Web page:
Why Setting Client Boundaries Is So Important and How To Do It Respectfully
When you’re running your own business, it’s easy and tempting to bend the rules you worked hard to create and say “just this once” in the name of accommodating your clients.
Maybe they ask to pay later or add more scope to the project or want to jump on a quick call outside of your office hours.
In the moment, you may view these accommodations as a way to make your client happy and keep them around. But over time, these things start to add up in a big way and can lead to major overwhelm and even burnout in your business.
All because you didn’t stick to your client boundaries… or worse, you didn’t create them in the first place.
Setting client boundaries can feel extremely hard for a lot of people, especially if you identify as a people pleaser.
It can be hard to say no, communicate clear expectations or tell a client when you can’t do something. As a business owner myself, I completely understand this and I’ve definitely experienced this tension. But after 13+ years of running my own businesses, I’ve learned one thing for sure: client boundaries are non-negotiable.
Because at the end of the day, setting boundaries isn’t about restricting what you can or can’t do for your clients. It's about making sure you have the bandwidth to bring your A-game for every single one of them while also building a life and business that you love.
And the only way you can do that is if you have clear “rules” and expectations for your working relationships.
Can it feel awkward to put your foot down? Sure. But it doesn't have to be if you have the right approach.
Why Setting Client Boundaries Is So Important
Before I get into HOW to set client boundaries, I want to make sure you understand WHY setting client boundaries is so important.
As mentioned above, it goes far beyond simply restricting what you can or can’t do for clients. It’s not about being a stickler for “rules.”
Instead, it has far more to do with the way you interact with your clients, how you live your personal life and how you’re able to build your business.
Clear Communication and Expectations
Establishing boundaries with clients allows for clear and effective communication, which is really the key to any relationship. 🔑
When you define your boundaries BEFORE you start working with a client, you can clearly communicate what they can expect while working with you.
When clients have a clear understanding of what services will be provided, the timeline of the project and any limitations, including your office hours, vacation days, communication methods, etc., it reduces the likelihood of misunderstandings and potential conflicts.
Whether you believe in the concept of work-life balance or not, the point is this: setting clear client boundaries helps you have a healthy personal life.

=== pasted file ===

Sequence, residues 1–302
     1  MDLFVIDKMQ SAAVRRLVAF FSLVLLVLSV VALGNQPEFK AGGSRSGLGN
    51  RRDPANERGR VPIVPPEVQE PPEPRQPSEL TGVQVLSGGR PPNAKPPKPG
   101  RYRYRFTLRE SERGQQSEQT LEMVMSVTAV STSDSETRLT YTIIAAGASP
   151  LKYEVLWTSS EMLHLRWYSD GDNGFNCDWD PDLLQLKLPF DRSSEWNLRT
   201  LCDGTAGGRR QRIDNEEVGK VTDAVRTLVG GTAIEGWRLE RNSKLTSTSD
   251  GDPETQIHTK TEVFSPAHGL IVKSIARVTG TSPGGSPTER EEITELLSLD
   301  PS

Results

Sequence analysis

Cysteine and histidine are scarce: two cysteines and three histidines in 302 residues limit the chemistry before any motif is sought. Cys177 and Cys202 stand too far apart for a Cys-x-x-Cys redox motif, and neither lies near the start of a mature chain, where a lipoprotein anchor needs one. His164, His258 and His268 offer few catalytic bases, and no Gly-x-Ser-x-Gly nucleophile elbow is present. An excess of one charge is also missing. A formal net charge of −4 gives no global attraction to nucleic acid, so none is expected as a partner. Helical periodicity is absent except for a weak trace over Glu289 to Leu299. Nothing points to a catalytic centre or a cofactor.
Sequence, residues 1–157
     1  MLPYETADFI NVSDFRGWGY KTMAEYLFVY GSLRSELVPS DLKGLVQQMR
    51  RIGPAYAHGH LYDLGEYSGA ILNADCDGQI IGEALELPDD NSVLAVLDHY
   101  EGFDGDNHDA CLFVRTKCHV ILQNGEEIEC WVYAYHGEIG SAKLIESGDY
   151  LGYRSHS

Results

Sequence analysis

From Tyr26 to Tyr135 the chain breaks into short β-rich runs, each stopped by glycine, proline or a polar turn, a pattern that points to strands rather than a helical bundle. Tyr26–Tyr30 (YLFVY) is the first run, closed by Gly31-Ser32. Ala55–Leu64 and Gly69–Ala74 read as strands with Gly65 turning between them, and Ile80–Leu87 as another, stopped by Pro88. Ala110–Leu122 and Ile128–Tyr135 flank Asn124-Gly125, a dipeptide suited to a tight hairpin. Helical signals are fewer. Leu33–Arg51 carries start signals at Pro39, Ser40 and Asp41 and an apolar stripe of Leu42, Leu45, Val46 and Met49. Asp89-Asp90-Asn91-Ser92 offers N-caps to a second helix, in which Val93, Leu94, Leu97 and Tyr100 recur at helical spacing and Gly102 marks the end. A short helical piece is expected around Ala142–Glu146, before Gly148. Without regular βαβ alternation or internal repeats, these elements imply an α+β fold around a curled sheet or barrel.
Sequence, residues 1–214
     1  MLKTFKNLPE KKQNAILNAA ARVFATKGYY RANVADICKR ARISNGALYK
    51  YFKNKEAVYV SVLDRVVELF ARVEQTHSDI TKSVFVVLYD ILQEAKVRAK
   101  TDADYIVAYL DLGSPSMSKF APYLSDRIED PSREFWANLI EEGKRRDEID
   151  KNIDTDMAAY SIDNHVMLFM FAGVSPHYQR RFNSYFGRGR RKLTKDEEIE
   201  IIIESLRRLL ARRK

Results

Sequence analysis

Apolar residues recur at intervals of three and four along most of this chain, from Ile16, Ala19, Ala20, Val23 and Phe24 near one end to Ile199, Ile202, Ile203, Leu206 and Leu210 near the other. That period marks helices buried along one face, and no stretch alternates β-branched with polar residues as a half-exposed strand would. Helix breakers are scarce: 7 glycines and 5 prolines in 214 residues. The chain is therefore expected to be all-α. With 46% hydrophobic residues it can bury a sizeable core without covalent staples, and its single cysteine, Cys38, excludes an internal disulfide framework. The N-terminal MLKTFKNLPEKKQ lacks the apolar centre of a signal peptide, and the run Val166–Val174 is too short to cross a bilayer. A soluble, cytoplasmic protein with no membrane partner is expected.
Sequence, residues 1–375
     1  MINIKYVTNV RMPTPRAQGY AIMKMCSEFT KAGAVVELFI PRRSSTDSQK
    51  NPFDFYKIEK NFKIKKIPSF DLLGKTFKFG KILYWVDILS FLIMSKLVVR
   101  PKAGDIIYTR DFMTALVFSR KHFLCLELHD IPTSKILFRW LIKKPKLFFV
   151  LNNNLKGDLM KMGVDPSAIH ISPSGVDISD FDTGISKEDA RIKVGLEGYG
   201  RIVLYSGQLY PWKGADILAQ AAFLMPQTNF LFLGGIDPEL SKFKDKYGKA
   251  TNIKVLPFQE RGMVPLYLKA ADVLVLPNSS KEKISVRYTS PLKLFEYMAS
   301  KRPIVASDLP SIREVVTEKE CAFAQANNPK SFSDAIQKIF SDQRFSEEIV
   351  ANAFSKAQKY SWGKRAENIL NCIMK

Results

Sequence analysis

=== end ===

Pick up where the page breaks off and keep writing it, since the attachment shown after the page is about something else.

Instead of feeling obligated to respond to emails or Slack messages with client requests as soon as they come in or spending hours at night working on projects, setting boundaries allows you to log off of your computer at the end of your work day and leave the emails until tomorrow.
Without establishing clear boundaries around your availability, response times, and communication channels, and communicating them to your clients before working with them, you run the risk of clients encroaching upon your personal time on weekends, holidays, vacations, etc. which can lead to client resentment and full on burnout in your business.
Preventing Scope Creep
This one is HUGE! Boundaries act as a safeguard against scope creep, which refers to the gradual expansion of a project's scope beyond its initial agreement.
By clearly defining the limits of the work, you can prevent clients from continually requesting additional services or expecting work outside the agreed-upon scope.
Repeat after me: professional does NOT equal boring. And neither do boundaries.
Ultimately, clear boundaries help establish and maintain a professional relationship between you, as a service provider, and your client and ensure that both parties understand their roles and responsibilities.
Regardless of what you do, what type of business you run or what type of personality you have, professionalism is a key part of business and your client will actually respect you MORE when you have clear boundaries in place because it shows that you take what you do seriously.
Now, that’s not to say that you have to show up to your clients with a rulebook like you were presented in elementary school.
While it *is* that serious, there is a way you can set boundaries respectfully and communicate them in a way that doesn't come off as scary or hardcore.
How To Set Client Boundaries Respectfully
A lot of times when people hear the word “boundaries” their mind immediately jumps to scary or awkward conversations. 🥴
And while sometimes setting boundaries does involve tricky client conversations (we’ll get to those in a minute), more often than not, setting boundaries is actually very simple and it can all be done before you ever actually communicate with a client 1:1.
Here are a few of my favorite ways that I’ve set client boundaries in my businesses. These are exactly what I would encourage you to do as well.
Define Your Services
First and foremost, define your services! Sounds simple, I know, but clearly outlining every single detail of your services is key to setting clear expectations from the very start.
This includes the specific deliverables, pricing, timelines and any limitations that may apply.
When you clearly define your services, you can communicate with potential clients easier and there’s never a question about what they can expect to receive.